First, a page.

Deficiencies in communication are the major cause of complaints involving the Department of Emergency Medicine. Communication includes both verbal, non verbal and written communication.

person writing on notebook

Documentation is vital and must be dated, named and signed for each input.

Communication with patients:

It is important for both medical reasons and medico legal reasons that patients are made aware of any treatments, investigations and in particular any potential complications of treatment or investigations, as well as instructions on appropriate care. Professional interpreters should be used in the non English speaking patients to obtain histories and gain consent rather than family members and friends.

Where possible, written information sheets should be given to patients, particularity prior to discharge. Many of these re available on the DEM Wiki page or the RCH website for children’s handouts.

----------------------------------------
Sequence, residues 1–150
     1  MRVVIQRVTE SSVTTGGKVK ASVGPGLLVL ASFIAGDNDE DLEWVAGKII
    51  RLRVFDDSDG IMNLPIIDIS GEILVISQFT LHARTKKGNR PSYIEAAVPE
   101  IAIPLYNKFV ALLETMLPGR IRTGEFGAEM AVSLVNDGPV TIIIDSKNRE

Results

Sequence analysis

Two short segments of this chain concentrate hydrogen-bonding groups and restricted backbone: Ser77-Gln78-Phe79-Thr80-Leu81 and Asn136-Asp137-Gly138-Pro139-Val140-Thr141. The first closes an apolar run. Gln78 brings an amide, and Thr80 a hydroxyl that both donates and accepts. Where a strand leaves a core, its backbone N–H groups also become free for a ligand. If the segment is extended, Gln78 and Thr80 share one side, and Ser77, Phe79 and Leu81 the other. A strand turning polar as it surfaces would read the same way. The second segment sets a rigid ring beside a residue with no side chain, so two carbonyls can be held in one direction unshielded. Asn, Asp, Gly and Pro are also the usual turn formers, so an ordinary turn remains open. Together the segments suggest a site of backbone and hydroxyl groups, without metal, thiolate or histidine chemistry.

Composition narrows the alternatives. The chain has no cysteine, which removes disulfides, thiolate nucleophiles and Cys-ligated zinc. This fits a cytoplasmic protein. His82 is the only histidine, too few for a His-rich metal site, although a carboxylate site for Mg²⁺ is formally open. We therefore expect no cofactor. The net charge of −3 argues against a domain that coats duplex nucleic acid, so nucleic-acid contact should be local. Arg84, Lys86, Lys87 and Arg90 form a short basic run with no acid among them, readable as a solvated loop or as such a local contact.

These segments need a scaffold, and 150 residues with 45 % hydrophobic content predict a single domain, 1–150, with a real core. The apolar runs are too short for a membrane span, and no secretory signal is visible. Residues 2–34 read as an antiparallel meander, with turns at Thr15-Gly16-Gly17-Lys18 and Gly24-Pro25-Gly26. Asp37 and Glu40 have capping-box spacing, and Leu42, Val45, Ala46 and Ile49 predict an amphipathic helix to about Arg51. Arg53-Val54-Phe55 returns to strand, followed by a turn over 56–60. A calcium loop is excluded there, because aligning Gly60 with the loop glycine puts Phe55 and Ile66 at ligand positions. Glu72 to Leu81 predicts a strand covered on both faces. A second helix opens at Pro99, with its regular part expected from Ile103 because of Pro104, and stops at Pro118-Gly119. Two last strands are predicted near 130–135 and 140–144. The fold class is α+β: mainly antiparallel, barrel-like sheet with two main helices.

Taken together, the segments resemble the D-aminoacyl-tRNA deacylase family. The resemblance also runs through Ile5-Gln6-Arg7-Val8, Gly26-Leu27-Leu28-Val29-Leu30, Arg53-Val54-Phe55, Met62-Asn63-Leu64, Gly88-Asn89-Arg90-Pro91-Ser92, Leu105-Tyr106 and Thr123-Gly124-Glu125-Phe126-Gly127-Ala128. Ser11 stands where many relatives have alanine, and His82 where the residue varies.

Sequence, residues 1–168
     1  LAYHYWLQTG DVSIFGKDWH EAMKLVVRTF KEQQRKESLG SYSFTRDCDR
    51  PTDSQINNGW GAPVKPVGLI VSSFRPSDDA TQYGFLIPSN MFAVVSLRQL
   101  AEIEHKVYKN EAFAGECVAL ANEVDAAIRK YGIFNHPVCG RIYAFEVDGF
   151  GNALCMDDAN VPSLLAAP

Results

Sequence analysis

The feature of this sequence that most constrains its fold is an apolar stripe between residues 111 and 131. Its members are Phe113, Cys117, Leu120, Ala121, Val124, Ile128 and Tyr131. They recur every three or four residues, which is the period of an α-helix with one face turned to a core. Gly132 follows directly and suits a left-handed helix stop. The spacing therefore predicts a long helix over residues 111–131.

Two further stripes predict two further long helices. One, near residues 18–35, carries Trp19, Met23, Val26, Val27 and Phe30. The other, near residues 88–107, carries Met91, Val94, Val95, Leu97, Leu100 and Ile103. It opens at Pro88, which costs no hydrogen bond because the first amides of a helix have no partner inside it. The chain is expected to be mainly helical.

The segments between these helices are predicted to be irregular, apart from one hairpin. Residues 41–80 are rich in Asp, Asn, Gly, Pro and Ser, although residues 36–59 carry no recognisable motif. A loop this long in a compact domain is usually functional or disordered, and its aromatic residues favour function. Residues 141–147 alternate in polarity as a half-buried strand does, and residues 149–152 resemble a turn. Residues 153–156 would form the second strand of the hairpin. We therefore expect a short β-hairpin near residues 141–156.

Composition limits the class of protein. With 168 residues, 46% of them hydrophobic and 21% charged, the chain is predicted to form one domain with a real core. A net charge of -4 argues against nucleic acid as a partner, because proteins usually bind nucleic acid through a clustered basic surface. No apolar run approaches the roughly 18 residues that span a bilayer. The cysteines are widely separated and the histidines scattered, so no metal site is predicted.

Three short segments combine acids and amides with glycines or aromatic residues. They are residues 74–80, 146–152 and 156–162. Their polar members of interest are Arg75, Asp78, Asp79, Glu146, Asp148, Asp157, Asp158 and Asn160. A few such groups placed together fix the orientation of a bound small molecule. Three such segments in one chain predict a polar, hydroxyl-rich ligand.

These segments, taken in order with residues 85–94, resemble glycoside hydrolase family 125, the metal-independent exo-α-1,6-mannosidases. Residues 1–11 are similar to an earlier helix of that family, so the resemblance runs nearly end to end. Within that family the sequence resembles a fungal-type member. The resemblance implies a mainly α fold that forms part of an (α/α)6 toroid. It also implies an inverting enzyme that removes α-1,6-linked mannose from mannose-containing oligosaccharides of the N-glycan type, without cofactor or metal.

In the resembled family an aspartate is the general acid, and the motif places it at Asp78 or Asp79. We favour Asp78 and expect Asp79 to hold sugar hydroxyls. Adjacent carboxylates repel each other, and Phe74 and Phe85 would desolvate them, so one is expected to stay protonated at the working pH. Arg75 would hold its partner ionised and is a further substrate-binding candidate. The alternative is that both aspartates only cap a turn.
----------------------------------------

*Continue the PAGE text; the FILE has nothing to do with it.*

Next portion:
Communication with GPs:

Any patients discharged back to nursing homes or for GP review must be given a letter to accompany them so that the appropriate care and follow-up can occur. If within hours, a phone call to the GP to explain the need for urgent review within a few days is common courtesy.

It is hospital policy that when a GP sends in a patient with a written or telephoned request for admission, then the patient must not be discharged without prior consultation with the GP. If the GP does not agree with the decision to discharge the patient, then the appropriate speciality registrar must review the patient and discuss it with the GP.

Nursing home patients:

Medications including minor analgesics cannot be dispensed without a doctor’s orders and therefore the patient must have medications dispensed from the Emergency Department and a Drug Chart needs to be done to prescribe new medications or to write modifications to existing ones.

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